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Philippines: The country that never sleeps (behind-the-enemy-lines.com)
53 points by Panos on Apr 3, 2012 | hide | past | favorite | 20 comments

I have cousins that work at help desks in the Philippines, and their work schedules are designed to match US time zones. After work, they hang out at bars with happy hours designed for them - I believe around ten in the morning. They hang out, then go home to sleep for the rest of the day.

Globalisation at work.

If you are ever in the Phils, you can see this - ask to go to Eastwood - they have a number of condo high rises and office buildings. The first and sometimes second floors of the buildings, are filled with coffee shops and restaurants.

Yup, here in Eastwood, workers with lanyards and badges all day and all night, streaming in and out by the thousands. It's quite a sight. Great, inquisitive people and always friendly.

It's cool to have nearly real-time confirmation from someone who is actually there! ... I found the UCC Coffee shop to be expensive however, but I am a cheap guy :-)

I'm a Filipino Developer, this is actually an alternative for us developers in the Philippines, instead of going abroad working overseas which will be very far from our families, we got a lot of opportunities from foreigners who wants for outsource their development projects, it earns us quite substantial income, though its not as high as when your really working abroad, being with your family and seeing your children grow up mostly makes up for it. Staying up late is not that hard as me myself is most productive at night when kids are asleep. I know most programmers share this work time.

Very interesting. I think a line graph would have been a better choice than the stacked line graph -- the undulations in the bottom layers make it hard to see the phenomenon being discussed, which is the flatness of the Philippines.

I'm sampling a few points from the chart and will try to create the corresponding line graph.

Here is a non-stacked line graph of the 6AM Monday to 6AM Tuesday data, created via the appallingly low-tech approach of measuring the pixel locations at a few timepoints:


The Philippines is indeed dramatically flatter than the others!

I have seen programs to help with this digitization of graphs[1]. At times some data sets (the graphs) have no other raw data shown or available, so the only way to do further analysis is to reverse engineer the only data set you are given. Low tech is awesome.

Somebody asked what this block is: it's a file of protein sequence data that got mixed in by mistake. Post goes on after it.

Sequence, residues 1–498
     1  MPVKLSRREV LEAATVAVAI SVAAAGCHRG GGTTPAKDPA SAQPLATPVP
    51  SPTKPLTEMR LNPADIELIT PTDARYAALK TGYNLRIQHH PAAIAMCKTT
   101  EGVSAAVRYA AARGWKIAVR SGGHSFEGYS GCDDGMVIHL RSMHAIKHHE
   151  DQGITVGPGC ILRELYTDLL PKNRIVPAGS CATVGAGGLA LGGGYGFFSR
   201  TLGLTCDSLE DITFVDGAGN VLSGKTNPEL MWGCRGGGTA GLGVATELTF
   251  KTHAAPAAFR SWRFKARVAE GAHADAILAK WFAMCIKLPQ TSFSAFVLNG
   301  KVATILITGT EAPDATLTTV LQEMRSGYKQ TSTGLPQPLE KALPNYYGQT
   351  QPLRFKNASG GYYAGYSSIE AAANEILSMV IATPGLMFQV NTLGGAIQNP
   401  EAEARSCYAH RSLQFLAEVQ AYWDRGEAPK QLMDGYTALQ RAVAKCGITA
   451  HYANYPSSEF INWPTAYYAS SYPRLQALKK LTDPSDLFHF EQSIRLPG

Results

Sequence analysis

[1] https://en.wikipedia.org/wiki/Converting_scanned_graphs_to_d...

Sorry, my fault both for not creating the graph properly, and for not giving the data. Both fixed now.

Filipinos are great for business process outsourcing. They tend to have fairly good written and spoken English and have a decent work ethic.

I'm not as big a fan of them for software work. For coders, eastern Europe is your best bet, with Brazil picking up a lot of steam in the last few years as well.

Great article, Panos!

Of course, there are other effective ways to provide a real-time worldwide workforce without relying on folks staying up all night. MobileWorks pulls it off by employing trained workers in both hemispheres: for instance, Latin America.

Mechanical Turk is an example of how not to do this – the performance disparity between random US and Indian workers there causes more trouble than it's worth.

Originally from the states, I've been renting a condo here in Manila for going on 6mo, neighboring IBM, Dell, and several other BPO buildings. I keep on US time and can vouch for it being just as busy at 4am as 4pm. I've heard mixed reviews on retaining employees, but English is ubiquitous. I've had to call AMEX and I end up talking to someone down the street, but wouldn't have guessed until they brought it up.

Philippines has a chain of hamburger joints called "Burger Machine" whose branches are often open 24x7; their song includes the phrase "the burger that never sleeps".

I have my face in a Burger Machine record book. I don't remember my exact time now, but it was like 1:05ish. I'm sure someone has beaten me by now but the staff sure was impressed when I did it :)

And now we know how the Philippinos that work overnight are being fed.

Just a quick correction, people from our country are called Filipinos. :)

I'm curious: What are specific examples of "variety of tasks" and "crowd applications" that the author is talking about? Are we in some kind of cyborg software revolution?

Well, we are. Kind of :-)


There are many software applications today that are being seamlessly powered by a combination of human and machine intelligence. For example, Google Books is mainly digitized with OCR but then ReCAPTCHA is used to bring human intelligence for fixing the mistakes of the OCR process.

sounds like an anti-Indian propaganda.Were you not a bit too critical?Are you implying that all Filipinos are excellent technical workers?I spent a lot of time in India and found my share of both,and I think majority of them are really good ,dedicated technical workers.

In my experience Indian workers are a bad bet. The average quality of work I've gotten from Filipinos is higher, for slightly less money. Filipinos on average make more of an effort to understand requirements and seem to take more pride in their work. The best Indian talent is at a higher level than what you can generally find in the Philippines, but I wouldn't expect to get that.

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